May

29

 It should be noted that investment grade bond domestic bond issuance set a monthly record as of Friday, with borrowers selling $105.92 billion in securities (and the month isn't over, with three full days remaining.)

Among the commentary supporting the debt binge, equity strength is highlighted, as well as the perception that despite the aggressive pace of LBO/PE deals. The thinking is that it will be a quite some time until a high-profile deal melts down. Moody's agrees, apparently, with a report issued last week forecasting a decline in default frequency to a record low.

And the proceeds? S&P 500 components have spent more than $440 billion on share repurchases over the past 12 months, according to J. P. Morgan.

Alston Mabry writes:

Having spent a while recently as a spectator at a PE buyout, from the acquirer's point of view, I can offer this observation from the cheap seats. The PE craze appears to be fueled, just like the hedge fund industry, by cheap leverage. The buyout firms are using leverage at 5% to buy cash flow of 10% and pocketing the difference. On a $5B deal, that's $250M/year. And if a few years later somebody comes along and offers you a price you can't refuse, like Riverdeep did for Houghton, then so much the better.

So where's the weak point? Or is it a free lunch? If there were to be a downturn that pushed too many of those cash streams negative, but still the interest payments on the leverage keep coming due, then could some buyout groups get hurt?

Stefan Jovanovich comments:

I doubt that where we sit qualifies as "seats". Even calling the location a knothole in the fence is probably an exaggeration for our odd-lot venue.

Over the last 12 months the return on common stock investments net of commissions before taxes was 19.65%. The pre-tax, post-expense return on our private investments during the same period was twice that - 38.52%. Alas, no one is eager to buy that private cash flow with or without leverage because the world of finance capital for small private businesses here in California no longer exists.

The roll-up boys are long gone and so is small business lending unless you include your Capital One credit card in that definition. The returns on small business equity here in the Golden State will continue to be outsized because there is no way for going concern values to be monetized. No one in their right mind wants to acquire legal employees unless they have already amortized that risk with a full-blown HR department.

If our situation is at all typical, then the flow of capital from small business owners into securities may have a great deal longer to run. We make a great deal of money from our private business, but we know that every new investment in it is truly sunk. We can only get a return from operations, not from selling.

Philip J. McDonnell writes:

In a way the return on private equity is higher than the publicly available equity. With the advent of Sarbanes-Oxley the costs to comply went up for public companies. It simply added costs to their operations with no compensating income gain for the companies or the investors. In addition to that there always was some kind of added cost borne by public companies. As usual the regulatory costs only ratchet upward never down.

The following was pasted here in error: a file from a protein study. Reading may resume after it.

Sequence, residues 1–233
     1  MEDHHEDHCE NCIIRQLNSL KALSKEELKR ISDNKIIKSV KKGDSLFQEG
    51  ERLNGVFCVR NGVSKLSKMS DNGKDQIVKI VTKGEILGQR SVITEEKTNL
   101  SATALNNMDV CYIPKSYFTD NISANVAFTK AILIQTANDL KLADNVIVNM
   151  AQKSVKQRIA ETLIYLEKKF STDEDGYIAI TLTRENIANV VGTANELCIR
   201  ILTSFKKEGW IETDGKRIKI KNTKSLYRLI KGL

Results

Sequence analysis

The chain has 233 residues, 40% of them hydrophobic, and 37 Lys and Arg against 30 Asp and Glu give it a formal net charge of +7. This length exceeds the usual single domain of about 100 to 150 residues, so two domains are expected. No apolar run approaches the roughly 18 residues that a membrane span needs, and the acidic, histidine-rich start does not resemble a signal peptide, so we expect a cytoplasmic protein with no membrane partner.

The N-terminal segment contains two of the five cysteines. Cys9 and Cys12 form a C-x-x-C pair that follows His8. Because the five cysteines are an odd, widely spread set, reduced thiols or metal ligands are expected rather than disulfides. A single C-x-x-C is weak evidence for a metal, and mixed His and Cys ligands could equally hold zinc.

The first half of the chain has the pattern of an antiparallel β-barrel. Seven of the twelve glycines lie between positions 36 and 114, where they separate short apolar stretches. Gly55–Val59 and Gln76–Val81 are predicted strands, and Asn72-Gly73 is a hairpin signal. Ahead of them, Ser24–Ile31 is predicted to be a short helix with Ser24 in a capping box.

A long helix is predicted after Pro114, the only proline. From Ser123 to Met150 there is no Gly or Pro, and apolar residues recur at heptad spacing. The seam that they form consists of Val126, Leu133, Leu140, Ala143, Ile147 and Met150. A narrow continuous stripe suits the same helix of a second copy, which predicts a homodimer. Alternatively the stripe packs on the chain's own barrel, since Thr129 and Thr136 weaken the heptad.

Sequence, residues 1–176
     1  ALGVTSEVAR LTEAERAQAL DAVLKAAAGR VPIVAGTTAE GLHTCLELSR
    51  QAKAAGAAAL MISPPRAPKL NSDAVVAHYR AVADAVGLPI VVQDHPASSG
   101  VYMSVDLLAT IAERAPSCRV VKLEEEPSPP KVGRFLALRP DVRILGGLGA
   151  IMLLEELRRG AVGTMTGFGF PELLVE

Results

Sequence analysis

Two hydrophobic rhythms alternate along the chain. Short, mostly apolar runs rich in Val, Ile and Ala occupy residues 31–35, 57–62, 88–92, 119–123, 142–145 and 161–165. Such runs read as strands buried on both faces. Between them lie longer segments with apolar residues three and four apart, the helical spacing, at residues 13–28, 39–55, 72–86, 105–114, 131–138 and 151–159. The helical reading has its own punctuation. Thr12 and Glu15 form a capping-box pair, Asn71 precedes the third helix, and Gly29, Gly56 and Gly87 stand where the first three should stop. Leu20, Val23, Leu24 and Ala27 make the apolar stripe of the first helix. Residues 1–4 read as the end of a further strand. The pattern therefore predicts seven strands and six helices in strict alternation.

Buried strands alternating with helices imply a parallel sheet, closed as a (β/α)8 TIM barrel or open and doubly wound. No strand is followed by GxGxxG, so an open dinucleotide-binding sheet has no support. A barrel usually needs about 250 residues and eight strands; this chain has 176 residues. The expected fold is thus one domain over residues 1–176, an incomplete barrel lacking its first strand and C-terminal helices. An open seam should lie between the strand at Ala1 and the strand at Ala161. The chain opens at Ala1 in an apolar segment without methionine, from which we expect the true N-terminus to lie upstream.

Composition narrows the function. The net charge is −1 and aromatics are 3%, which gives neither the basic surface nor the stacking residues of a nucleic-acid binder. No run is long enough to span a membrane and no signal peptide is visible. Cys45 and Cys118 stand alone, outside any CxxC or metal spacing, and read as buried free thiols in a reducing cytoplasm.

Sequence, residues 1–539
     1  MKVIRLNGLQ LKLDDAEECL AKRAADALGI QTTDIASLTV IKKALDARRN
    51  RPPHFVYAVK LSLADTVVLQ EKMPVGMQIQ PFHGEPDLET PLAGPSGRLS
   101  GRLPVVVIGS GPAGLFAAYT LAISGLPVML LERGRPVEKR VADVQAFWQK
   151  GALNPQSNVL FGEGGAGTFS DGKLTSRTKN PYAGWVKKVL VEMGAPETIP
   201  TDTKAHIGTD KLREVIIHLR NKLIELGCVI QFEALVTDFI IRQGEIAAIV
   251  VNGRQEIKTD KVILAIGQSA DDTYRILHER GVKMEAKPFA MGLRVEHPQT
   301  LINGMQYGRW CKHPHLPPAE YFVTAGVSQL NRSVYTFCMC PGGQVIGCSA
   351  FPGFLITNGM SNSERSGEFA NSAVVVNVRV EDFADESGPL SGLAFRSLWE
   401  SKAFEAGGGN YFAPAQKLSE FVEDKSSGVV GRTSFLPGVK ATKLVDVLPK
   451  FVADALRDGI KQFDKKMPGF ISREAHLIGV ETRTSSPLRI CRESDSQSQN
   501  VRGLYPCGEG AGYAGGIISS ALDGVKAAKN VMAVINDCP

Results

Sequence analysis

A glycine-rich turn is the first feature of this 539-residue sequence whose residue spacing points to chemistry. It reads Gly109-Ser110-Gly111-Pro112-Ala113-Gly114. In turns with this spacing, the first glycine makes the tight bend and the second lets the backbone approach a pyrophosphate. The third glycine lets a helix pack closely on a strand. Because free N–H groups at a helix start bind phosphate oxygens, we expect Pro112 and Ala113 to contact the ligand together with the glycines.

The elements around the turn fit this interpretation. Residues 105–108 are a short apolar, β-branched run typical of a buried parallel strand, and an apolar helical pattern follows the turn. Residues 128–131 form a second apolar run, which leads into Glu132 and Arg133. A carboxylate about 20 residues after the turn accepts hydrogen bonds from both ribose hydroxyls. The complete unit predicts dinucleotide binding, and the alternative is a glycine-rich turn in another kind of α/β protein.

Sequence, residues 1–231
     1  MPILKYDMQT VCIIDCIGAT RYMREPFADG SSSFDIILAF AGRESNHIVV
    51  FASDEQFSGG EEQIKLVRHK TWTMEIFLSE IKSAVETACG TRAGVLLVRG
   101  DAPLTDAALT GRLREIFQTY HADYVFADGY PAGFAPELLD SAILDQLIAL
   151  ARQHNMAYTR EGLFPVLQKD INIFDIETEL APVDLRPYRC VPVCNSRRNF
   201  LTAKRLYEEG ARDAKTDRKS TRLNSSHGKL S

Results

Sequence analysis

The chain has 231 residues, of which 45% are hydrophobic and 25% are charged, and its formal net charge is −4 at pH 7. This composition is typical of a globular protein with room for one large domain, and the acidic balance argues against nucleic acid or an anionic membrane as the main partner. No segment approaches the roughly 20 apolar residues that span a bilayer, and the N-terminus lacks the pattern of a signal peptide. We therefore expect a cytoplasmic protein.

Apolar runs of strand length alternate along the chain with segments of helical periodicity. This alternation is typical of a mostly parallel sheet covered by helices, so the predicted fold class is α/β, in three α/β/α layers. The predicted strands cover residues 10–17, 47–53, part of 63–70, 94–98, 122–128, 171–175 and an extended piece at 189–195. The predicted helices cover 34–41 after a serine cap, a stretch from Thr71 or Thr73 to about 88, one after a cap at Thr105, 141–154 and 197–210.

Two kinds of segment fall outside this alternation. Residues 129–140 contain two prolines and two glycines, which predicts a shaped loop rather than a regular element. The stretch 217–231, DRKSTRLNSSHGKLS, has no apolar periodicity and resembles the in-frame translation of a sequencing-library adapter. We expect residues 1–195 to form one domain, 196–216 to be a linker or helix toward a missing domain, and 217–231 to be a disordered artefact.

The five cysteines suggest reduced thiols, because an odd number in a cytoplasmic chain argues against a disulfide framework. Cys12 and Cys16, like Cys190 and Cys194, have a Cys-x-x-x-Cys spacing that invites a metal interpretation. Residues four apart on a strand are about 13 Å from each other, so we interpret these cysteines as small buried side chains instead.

With the example of a public company with a 10% return (PE=10) which is purchased for money that was borrowed at 5% giving a net 5% after interest cost return, the real situation may be better. In fact given the regulatory savings the newly private company may be able to yield 11% thus boosting the net return to 6% which is a 20% better ROI.

The benefits do not end there. There are no margin calls in private equity. Contrast that situation with a typical highly leveraged hedge fund. The hedge fund can borrow too. But if it is trading marketable securities there will be margin calls. Typically the portfolio will be marked to market daily and immediate liquidations will ensue if the value falls below minimum margin requirements.

For a private equity firm there is no daily quoted valuation. There is only the book value shown which is typically a high and inflated number set at the time of the buyout. The lender is actually looking to the cash flow more than any vague concept of market or portfolio value. Lenders want performing loans. To them performing means the borrower is repaying as agreed. It is capitalism as it was designed to work. When the government finds ways to regulate and to restrict credit the markets find ways around it. Ultimately the markets will rule.


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  1. Gary Rogan on May 30, 2007 9:12 pm

    Sooner or later the PE craze will end in a disaster. First the 5% delta will come down to 1%, then something will interrupt the cash flows, and a large percentage of the loans will become non-performing. Huge banks will fail, the Fed will have emergency meetings and all that stuff. Such is the fate of all bubbles, but since no one knows the timeframe, there isn’t much to do but to watch it play out.

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